The purpose of this investigation is to carry out two experiments, collecting a series of data. This will then be analysed and a conclusion will then be drawn, using my knowledge of physics. The purpose of the experiments conducted was to investigate the relationship between resistance and the dimensional properties of Nichrome wire. In both experiments the circuit was set out as illustrated below. The wire used had a single strand cross-sectional area of 33×10 cm. Experiment 1: Length & Resistance The first experiment explored the relationship between the length of wire and resistance.
The different lengths of wire used ranged form 10cm to 100cm. A current was run through the circuit and the resistance across the wire was measured using an analogue meter. This data was then tabulated as shown below. Length (M) Volts (V) Amps (mA) Ohms R=V/I Resistance/Length It is very difficult to analyse, and extract relationships from the initial table, so I decided to plot these results on a graph. When conducted, the trials were not performed in uniform increments. I decided to create another set of results, showing only results that were of increments of 10cm. I have also graphed this modified set of results, as it will allow me to extract more clear and accurate relationships.
The initial table also illustrates that the input voltage varied in some of the trials. This was a deliberate modification, with the aim to prevent a dramatic increase in the temperature of the wire. This change in input voltage would not have had an effect on the resistance. As the potential difference changes, the current changes proportionally. Therefore, when calculated the resistance amounts to the same value. The resistance is calculated using the equation: R = V i?? I Where: R is resistance (? ) V is potential difference (V) I is current (A) Analysis of Results.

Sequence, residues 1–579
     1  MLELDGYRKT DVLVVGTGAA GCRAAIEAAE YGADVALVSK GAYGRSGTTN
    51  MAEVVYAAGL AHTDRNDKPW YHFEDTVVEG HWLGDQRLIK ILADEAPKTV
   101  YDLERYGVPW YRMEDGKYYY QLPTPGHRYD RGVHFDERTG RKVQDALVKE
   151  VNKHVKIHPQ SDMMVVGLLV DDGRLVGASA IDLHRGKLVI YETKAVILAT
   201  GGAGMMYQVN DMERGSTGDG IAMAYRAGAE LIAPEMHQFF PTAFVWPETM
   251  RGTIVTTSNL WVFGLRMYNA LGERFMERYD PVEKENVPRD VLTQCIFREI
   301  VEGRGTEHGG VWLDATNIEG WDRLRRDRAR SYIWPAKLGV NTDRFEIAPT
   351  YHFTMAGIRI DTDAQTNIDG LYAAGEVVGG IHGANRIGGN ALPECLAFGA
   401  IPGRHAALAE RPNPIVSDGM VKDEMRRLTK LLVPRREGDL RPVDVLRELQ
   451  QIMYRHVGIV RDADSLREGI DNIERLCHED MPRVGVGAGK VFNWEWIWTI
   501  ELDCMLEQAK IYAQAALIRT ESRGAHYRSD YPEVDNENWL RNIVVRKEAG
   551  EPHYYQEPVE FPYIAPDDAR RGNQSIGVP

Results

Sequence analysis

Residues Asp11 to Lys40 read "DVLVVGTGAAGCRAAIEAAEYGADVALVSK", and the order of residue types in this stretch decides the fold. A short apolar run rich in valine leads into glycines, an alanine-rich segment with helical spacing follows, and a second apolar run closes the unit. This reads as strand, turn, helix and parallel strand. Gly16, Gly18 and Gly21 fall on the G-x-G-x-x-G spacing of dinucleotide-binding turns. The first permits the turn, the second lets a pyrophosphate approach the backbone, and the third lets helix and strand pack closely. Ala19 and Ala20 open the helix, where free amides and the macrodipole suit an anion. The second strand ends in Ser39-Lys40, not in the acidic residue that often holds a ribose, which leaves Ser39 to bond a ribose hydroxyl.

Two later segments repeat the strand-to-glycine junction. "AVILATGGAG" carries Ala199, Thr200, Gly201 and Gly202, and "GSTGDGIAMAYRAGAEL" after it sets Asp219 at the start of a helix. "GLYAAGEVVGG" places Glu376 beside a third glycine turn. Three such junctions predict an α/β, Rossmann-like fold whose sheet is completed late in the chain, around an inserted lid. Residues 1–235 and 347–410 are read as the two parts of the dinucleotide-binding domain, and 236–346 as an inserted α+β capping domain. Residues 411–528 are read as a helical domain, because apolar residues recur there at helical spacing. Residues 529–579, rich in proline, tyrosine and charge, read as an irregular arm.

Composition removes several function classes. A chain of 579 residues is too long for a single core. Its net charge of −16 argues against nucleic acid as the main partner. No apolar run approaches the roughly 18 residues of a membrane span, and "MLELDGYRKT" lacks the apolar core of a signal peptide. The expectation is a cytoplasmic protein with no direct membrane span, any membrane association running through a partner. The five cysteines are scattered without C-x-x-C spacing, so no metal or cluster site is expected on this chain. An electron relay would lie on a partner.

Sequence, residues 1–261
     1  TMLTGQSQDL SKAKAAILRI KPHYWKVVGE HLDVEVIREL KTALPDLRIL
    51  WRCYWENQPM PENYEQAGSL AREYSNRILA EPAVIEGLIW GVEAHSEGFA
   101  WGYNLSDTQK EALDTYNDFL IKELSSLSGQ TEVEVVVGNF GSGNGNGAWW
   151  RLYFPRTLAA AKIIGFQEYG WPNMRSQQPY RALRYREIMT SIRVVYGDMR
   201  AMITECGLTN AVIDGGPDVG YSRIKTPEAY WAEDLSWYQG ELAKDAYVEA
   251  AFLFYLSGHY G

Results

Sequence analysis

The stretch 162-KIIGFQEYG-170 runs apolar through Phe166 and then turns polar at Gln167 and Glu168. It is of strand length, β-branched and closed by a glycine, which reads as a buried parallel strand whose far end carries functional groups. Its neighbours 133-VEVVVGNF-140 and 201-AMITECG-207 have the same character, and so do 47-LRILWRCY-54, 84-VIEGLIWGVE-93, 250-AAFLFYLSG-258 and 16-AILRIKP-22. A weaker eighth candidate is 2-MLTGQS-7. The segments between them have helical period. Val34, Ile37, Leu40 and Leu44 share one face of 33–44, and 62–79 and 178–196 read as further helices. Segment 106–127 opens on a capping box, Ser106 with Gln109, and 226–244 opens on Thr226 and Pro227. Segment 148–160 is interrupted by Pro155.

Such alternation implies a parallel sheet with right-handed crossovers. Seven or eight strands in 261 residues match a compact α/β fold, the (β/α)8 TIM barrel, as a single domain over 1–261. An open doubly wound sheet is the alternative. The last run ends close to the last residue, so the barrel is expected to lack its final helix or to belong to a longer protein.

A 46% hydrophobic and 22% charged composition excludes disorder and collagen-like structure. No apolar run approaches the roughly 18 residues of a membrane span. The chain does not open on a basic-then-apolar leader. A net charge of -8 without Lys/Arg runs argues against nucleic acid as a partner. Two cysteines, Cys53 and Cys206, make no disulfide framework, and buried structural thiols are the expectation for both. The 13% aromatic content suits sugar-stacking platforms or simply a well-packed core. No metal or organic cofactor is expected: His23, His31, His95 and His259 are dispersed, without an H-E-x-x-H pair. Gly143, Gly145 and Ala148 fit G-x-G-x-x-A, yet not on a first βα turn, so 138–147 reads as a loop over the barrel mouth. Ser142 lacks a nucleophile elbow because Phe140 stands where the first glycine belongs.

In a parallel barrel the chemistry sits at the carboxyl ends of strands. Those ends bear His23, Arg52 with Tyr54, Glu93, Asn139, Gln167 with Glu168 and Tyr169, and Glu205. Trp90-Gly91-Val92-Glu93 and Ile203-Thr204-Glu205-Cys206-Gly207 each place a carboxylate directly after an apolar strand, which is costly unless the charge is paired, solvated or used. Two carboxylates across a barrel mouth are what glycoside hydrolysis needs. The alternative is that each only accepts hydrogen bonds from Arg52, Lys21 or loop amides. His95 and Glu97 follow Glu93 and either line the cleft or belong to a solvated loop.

Due to the nature of the equipment, the results of the experiment are not completely accurate. However, correlations and relationships are still clearly illustrated as shown in the initial graph below. The above graph shows a very vague proportionality between length and resistance of wire. Error bars have been used in this graph. However, the resolution of the meter is approximately 0. 2%, so they may not be clearly visible. This supports the theory that when wire is shorter, the same number of electrons are trying to pass through less wire. This results in them being bunched together trying to push through.
One major factor to take account of is the fact that analogue meters were used in the experiment. These have an error margin of approximately 0. 1%. These meters have a very poor scale and are not calibrated in the same way that digital meters are. This is exemplified in the initial graph of results (in the appendix), where the resistance plots regress from the line considerably. Other systematic errors include the effect of heat on resistance. Nichrome wire has a positive temperature co-efficient, meaning that resistance rises with temperature.